Very seldom are we confronted with the fundamental ideologies we were introduced to as children. One of the first things a child is taught is the five senses—sight, sound, smell, taste, and touch. While most of these senses are softly explored and evoked throughout visual artist Ann Hamilton’s new hardback, Sense (Radius Books), the latter—that of touch—serves as its overarching motif. The feather of a bird, the scarf of a doll, the hands of a stranger...Hamilton redefines the word ‘palpable,’ orchestrating a storm of sensory stimulation.
“How could I ever describe it in words,” Hamilton begins the ensemble with, setting the tone for what’s to follow—a collection of inexpressible works that do not call for the clarity associated with written description. Works that target one’s soul rather than one’s mind. Works that instead of begging the question, rather, answer the question. The color palette throughout the book paints a picture, one created intentionally by Hamilton. “The greys, the blue-greys, the desaturated pinks of twilight create the weather of the book,” she shares. “Twilight is my time of day—there is less light, but you see more.” In tandem, an overall feeling of respite and contentment permeates throughout the book, almost as if to identify with, and tap into, each reader. For we’ve all been the leaf left lying along the sidewalk, the residual rubble remaining after a storm.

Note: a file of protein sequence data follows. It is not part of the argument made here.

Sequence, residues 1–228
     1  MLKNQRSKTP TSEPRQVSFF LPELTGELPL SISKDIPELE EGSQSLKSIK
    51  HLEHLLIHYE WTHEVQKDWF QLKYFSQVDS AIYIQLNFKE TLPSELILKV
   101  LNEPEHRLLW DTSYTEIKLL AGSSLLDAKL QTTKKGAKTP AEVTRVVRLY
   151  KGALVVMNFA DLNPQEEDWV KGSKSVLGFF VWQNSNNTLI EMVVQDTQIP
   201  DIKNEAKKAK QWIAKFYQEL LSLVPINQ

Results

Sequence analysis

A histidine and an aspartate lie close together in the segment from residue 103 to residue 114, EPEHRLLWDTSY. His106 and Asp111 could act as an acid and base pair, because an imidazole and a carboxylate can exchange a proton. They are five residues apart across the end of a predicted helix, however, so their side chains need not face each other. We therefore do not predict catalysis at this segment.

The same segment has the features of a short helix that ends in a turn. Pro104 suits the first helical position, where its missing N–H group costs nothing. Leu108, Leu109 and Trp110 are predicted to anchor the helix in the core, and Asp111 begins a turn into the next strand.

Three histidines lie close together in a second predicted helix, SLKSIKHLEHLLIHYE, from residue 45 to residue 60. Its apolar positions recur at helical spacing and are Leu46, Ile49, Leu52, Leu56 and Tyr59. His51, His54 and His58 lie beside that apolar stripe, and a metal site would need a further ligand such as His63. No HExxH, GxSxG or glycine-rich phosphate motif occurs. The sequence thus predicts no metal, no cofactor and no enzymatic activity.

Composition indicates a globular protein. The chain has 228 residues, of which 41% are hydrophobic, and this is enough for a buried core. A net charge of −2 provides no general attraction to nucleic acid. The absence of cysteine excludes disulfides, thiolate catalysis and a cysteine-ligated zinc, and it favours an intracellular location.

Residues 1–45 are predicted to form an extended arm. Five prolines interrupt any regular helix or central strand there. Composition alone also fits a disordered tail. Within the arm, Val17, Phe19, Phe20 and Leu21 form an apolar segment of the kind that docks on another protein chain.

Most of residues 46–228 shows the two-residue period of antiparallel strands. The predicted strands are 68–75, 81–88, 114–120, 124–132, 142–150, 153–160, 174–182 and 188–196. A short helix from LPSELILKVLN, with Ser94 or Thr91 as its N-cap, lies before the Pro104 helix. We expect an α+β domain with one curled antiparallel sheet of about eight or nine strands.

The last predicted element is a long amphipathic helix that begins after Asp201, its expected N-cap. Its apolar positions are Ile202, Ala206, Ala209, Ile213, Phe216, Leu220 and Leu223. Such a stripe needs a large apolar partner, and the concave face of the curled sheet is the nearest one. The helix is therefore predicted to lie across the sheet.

Throughout, Hamilton defines and reimagines the idea of ‘sense.’ She likens it to cloth’s hand, a daily walk, the soft underside of a bird, and the press of a body against a membrane. In doing so, she almost anthropomorphizes her subjects, attributing life and value to them. “I am drawn to the fold of the fabric,” she explains, “to the press of a sleeve or shoulder, to the curl of a leaf drying, to the weight and vulnerable underside of the birds who were once alive. Each is a fixed moment in a river of change.”
Sense is a compilation of works accumulated over many years, stretching across multiple mediums, including photographic portraits, flatbed scans, and more. This latest title adds to Hamilton’s already extensive artistic repertoire, re-establishing her as the multi-media maestro she’s known as today. When asked at which point she felt the book in its entirety reached a state of completion, Hamilton replies, “This book is the consequence of the time and processes of its making. I also recognize that it could have been or could become ten other books, related but different. I love the process of sequencing the images, how when you change one image everything changes, how two images, sitting accidentally, side-by-side, changes both images and creates something wholly new.”
When asked about the responsibility of the viewer in experiencing Sense, Hamilton aptly responds, “How we pay attention is everything. Perhaps the felt qualities of these images—their sequences and their relations—is a slowing down, is a registering, is a settling into the sense of things.” And with that, we are met with Hamilton’s primary objective behind the book—to cultivate attention in the hyper-distracted whirlwind of information in which we live, to appreciate the unrelenting storms, and their imprint on everything and everyone.